2nd Sergeant Edward Booth White was born on November 23rd, 1834.
He enlisted in Davidson’s Company on March 12th, 1862 at Quincy, Gadsden County, Florida and was appointed as 2nd Sergeant. He was promoted to 1st Sergeant on April 18th, 1862, relieving Daniel Lafayette Kenan as the company’s 1st Sergeant when he was elected to Major during the regiment’s organization.
He was present with the company until October 16th, 1862 when he was accidental wounded by the discharge of a gun (artillery) at Big Hill, Kentucky.
He was left behind to recover from his wounds, and captured on October 29th. He was transferred to Lexington, Kentucky on November 15th and subsequently transferred to Louisville, Kentucky on November 17th, where he would be place on the steamboat Mary Crane with other Confederate prisoners. The trip would take them to Vicksburg, Mississippi via Cairo, Illinois for exchange. He was at that time described as 27 years old, 5’ 7-1/2” tall, with gray eyes, dark hair, and light complexion.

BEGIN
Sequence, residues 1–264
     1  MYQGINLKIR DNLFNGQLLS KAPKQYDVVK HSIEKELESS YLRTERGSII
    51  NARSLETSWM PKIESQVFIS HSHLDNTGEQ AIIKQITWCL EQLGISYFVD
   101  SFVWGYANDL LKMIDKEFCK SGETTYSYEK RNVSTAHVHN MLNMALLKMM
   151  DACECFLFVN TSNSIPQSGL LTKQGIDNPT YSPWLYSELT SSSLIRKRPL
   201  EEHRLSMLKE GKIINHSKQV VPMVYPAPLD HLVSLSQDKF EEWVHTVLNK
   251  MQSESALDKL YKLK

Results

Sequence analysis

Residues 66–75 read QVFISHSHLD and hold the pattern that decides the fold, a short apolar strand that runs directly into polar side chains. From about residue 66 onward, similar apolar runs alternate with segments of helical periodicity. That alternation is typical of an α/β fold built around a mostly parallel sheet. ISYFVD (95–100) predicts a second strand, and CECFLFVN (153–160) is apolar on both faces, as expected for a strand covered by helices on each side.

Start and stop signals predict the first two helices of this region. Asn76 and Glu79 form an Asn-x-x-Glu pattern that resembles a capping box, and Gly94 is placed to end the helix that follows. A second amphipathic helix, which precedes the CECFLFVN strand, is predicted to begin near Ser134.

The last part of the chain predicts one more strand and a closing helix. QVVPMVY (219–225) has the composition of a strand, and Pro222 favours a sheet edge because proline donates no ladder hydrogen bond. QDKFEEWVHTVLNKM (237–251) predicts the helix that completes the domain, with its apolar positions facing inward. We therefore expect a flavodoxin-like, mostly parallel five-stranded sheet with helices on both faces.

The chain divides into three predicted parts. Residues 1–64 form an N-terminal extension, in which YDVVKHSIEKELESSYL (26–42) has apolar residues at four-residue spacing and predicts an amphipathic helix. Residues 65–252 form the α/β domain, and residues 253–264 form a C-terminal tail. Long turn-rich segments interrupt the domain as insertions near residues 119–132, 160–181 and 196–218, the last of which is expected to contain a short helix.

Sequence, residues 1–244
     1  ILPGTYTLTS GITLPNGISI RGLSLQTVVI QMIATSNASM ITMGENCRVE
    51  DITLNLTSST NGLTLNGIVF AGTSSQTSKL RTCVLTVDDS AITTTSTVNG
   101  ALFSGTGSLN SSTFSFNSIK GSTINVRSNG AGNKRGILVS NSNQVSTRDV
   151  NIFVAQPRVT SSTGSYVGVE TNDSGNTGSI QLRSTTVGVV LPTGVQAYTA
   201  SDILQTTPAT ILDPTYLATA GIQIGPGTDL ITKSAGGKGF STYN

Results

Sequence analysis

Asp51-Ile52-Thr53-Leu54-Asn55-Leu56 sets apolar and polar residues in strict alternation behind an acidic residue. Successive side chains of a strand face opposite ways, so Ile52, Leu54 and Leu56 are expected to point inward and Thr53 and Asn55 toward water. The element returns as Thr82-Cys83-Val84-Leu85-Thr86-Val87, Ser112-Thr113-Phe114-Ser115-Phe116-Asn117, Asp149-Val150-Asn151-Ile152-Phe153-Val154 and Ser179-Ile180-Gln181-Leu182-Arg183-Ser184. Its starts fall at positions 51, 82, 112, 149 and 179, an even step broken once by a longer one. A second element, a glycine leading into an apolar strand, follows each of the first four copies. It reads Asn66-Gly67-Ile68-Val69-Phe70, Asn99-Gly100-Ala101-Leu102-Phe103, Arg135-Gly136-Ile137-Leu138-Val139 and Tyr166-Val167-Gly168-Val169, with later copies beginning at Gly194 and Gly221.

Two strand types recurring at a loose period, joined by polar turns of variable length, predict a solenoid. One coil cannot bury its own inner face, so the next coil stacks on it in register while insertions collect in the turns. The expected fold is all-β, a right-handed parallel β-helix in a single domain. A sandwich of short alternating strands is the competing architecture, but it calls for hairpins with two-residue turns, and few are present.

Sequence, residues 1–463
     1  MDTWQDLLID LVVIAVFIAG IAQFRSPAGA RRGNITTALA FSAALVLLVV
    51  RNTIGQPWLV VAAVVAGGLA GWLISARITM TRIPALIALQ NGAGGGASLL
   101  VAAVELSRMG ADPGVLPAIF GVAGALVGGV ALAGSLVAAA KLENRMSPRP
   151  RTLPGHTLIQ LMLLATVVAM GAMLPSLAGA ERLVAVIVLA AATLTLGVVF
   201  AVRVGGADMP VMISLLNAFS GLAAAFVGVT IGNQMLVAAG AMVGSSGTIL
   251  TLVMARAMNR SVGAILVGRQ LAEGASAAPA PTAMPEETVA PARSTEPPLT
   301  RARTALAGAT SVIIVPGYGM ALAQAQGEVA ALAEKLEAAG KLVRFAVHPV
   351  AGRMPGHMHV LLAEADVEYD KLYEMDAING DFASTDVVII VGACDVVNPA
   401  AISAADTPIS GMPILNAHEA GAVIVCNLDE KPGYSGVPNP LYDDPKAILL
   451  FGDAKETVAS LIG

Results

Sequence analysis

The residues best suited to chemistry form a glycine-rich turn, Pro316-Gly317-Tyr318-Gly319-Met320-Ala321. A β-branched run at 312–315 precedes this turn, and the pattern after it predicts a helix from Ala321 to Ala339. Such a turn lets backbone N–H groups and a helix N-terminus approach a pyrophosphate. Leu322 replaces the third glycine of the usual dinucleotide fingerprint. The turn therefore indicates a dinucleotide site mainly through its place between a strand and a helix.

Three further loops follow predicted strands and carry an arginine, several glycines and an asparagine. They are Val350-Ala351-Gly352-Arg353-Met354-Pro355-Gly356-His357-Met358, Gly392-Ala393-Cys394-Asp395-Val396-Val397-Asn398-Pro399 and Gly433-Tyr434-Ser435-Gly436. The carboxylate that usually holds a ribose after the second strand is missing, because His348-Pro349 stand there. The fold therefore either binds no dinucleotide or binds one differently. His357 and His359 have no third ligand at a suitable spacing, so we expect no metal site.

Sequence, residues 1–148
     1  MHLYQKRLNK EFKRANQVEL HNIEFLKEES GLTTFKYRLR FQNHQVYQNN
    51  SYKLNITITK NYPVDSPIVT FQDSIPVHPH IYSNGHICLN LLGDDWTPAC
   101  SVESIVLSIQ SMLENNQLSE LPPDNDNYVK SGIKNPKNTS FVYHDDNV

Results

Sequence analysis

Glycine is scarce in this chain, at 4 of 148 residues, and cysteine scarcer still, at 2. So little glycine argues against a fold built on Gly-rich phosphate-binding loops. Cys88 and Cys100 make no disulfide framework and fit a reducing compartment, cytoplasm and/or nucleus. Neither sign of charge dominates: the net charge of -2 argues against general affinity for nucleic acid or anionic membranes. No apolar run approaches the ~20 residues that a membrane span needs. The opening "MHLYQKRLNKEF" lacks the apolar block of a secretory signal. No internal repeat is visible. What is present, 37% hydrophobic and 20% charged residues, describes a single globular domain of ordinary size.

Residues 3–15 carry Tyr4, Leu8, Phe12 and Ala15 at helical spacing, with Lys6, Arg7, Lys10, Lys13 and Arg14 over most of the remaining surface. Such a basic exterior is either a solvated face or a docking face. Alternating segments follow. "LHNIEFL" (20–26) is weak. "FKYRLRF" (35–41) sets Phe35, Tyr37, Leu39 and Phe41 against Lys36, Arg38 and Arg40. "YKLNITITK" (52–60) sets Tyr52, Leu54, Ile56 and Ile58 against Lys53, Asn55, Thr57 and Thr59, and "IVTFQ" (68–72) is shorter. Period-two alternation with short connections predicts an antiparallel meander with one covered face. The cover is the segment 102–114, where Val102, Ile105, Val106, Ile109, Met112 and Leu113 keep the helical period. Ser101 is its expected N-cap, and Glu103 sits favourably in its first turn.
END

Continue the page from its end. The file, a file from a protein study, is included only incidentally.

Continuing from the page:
The date of his return to the company is unknown, but he was awarded a furlough of 40 days effective from January 14th, 1863. He returned to about March 9th of 1863.
He suffered a pay stoppage for “ordnance stores lost” between November 1st and December 31st, 1863 in the amount of $13.30; this likely due to the Confederate defeat at Missionary Ridge on November 25th.
He was reported present with the company from this point until it surrendered at Durham Station, North Carolina on April 26, 1865. He was listed with the rank of 2nd Lieutenant, and paroled at Greensboro, North Carolina on May 1st, 1865.
Lieutenant White died on October 17th, 1877 and is interred at City Greenwood Cemetery, Weatherford, Parker County, Texas.